Tuesday, October 17, 2006

Burger King franchisee appeals McDonald's victory in class action

Several months ago, I blogged about a really bad dismissal of a complaint by Burger King franchisees based on false claims of the likelihood of winning McDonald's contests. The putative class plaintiff has now appealed, arguing that prudential standing tests are only appropriate when considering whether to expand Lanham Act standing beyond direct competitors; since Burger King is a direct competitor of McDonald's, standing to bring a false advertising claim is appropriate.

Plaintiff's appeal brief refers to that very post, among other (ahem) authorities. The brief is available here, courtesy of the plaintiff-appellant's lawyers. Among the interesting points raised, plaintiff argues that the existence of potential consumer plaintiffs ought not be part of the prudential standing inquiry, since consumers lack Lanham Act standing even if they can sue for other torts. In other words, the Lanham Act exists to give businesses a remedy for business harm, and only potential Lanham Act plaintiffs ought to count. I like this argument, and it fits well with another point in the brief, which is that the harm to the consumer (the difference in value between what a consumer paid for and what s/he received, or perhaps what s/he would otherwise have bought) is different from the harm to the competitor, who loses the full value of a sale. Full restitution to the consumer still leaves the competitor worse off than it would have been absent the false advertising.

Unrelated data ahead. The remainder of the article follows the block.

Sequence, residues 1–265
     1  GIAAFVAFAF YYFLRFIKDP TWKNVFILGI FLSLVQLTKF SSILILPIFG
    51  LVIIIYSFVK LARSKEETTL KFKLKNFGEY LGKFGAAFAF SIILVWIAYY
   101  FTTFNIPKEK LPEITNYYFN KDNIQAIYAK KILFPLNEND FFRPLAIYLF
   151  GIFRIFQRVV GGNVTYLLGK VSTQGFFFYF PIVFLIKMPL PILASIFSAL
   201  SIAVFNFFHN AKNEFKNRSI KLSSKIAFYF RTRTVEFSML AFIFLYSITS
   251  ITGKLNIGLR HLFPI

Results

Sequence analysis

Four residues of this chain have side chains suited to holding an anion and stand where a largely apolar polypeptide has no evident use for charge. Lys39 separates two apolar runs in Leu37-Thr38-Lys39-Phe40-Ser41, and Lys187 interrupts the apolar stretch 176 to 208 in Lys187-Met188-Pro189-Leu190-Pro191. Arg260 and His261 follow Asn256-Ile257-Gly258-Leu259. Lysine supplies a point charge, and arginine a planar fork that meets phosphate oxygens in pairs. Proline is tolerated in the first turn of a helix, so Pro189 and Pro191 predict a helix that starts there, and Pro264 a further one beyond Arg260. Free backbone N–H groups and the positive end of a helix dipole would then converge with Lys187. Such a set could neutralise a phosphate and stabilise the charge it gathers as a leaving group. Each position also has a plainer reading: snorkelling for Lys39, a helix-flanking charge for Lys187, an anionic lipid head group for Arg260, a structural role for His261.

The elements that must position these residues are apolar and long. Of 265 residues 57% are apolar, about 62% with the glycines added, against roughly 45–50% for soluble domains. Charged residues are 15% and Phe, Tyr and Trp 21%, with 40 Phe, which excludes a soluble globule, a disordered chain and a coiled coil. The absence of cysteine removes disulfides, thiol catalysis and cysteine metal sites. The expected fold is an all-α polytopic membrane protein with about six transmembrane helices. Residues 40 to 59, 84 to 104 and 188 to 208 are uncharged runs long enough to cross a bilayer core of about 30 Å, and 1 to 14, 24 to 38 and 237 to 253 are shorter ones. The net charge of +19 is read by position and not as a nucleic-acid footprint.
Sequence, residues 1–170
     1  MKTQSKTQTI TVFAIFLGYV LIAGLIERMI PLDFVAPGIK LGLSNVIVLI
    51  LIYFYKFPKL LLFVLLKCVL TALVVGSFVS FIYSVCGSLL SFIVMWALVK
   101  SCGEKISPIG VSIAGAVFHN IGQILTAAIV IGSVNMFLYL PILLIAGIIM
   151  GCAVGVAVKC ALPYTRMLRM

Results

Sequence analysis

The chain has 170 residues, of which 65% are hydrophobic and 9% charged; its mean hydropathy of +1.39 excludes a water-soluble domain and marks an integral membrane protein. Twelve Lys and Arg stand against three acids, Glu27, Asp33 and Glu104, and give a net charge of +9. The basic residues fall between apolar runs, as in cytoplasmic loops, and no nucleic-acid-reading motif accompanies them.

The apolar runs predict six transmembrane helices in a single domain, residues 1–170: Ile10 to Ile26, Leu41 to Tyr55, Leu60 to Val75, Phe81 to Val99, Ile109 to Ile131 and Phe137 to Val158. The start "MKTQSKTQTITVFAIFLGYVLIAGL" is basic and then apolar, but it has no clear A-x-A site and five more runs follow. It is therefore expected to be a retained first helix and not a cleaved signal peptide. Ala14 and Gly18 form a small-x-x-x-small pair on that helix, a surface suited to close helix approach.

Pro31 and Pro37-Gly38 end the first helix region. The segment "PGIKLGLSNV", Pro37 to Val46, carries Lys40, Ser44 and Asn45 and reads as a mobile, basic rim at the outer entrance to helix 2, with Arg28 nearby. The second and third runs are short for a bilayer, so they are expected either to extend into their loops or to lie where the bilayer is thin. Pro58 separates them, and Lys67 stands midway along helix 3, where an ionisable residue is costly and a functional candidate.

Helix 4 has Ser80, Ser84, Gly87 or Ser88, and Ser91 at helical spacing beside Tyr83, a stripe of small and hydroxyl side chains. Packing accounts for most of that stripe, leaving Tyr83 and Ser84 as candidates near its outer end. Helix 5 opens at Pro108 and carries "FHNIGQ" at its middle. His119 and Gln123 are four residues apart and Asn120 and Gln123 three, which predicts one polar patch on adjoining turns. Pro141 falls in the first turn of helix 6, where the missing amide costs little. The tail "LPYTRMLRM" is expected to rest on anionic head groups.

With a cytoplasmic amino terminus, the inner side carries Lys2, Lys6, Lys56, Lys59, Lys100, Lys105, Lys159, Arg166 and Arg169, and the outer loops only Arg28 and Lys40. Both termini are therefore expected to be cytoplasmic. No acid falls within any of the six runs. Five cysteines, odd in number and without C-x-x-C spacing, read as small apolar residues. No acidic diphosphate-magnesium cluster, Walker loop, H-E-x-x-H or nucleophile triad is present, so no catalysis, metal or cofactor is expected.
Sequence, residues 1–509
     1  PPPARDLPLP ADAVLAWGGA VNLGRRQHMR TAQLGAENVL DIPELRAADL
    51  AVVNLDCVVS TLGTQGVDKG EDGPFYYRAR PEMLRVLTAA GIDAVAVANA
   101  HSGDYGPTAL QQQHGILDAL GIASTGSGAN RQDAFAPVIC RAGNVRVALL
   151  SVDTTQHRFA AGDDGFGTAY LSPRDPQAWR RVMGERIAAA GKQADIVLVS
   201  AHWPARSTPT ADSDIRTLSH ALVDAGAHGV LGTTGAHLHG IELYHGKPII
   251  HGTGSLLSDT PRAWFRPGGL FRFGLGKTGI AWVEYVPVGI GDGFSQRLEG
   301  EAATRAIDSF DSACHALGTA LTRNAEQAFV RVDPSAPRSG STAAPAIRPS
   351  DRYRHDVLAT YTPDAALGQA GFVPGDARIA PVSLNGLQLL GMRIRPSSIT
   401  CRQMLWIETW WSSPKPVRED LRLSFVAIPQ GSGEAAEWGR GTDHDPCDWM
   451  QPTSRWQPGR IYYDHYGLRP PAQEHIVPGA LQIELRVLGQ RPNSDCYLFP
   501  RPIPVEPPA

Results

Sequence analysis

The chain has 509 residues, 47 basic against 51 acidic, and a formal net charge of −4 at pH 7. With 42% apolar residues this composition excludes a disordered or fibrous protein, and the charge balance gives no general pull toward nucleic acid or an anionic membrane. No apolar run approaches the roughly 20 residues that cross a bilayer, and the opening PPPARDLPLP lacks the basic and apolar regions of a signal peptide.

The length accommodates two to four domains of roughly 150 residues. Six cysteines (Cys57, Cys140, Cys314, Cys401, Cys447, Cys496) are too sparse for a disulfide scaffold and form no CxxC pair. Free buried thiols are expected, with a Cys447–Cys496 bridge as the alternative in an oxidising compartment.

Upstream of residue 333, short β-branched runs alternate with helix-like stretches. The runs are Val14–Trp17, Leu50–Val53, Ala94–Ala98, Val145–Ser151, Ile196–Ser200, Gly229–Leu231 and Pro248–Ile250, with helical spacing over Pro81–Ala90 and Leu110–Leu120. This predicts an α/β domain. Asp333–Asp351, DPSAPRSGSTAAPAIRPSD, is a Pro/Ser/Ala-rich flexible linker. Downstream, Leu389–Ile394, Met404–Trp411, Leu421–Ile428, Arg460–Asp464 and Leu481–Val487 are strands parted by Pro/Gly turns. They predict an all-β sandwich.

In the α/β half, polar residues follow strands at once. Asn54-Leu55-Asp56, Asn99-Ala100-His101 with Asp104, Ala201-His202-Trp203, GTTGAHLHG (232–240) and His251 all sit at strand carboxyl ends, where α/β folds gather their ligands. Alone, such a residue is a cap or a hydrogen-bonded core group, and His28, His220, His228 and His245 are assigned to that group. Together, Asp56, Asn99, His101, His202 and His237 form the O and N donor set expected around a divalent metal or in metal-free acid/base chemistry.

Slight correction: the brief occasionally refers to me as Rachel. Rachel is a classic Jewish name beginning with R, but it's not my classic Jewish name beginning with R.

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